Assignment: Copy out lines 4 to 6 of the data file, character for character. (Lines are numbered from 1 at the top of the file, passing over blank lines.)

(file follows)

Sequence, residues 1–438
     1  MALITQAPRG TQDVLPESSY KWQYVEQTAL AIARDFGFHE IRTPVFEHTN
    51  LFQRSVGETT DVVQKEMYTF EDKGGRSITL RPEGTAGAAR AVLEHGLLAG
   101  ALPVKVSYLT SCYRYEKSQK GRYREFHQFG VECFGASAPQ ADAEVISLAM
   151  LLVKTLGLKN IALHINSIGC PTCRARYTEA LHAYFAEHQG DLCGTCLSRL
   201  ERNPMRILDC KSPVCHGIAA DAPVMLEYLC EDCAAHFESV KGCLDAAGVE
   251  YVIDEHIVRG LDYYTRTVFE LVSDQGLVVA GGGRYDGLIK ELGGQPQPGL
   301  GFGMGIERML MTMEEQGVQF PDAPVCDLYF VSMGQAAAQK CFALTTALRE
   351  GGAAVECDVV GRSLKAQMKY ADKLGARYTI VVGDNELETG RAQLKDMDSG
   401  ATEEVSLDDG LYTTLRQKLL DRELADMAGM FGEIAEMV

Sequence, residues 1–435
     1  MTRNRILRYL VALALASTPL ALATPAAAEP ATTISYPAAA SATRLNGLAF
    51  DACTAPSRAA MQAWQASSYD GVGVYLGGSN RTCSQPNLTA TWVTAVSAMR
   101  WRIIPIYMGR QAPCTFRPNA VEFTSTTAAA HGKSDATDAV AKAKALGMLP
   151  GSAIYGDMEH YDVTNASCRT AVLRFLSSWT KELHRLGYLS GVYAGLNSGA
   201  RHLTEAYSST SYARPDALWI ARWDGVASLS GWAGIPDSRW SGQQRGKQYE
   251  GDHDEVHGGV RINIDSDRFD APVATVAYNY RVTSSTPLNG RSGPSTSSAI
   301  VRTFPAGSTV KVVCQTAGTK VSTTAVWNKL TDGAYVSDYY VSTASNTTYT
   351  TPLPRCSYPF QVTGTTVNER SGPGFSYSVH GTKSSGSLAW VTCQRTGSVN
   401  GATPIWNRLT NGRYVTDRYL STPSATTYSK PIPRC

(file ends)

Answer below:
   101  ALPVKVSYLT SCYRYEKSQK GRYREFHQFG VECFGASAPQ ADAEVISLAM
   151  LLVKTLGLKN IALHINSIGC PTCRARYTEA LHAYFAEHQG DLCGTCLSRL
   201  ERNPMRILDC KSPVCHGIAA DAPVMLEYLC EDCAAHFESV KGCLDAAGVE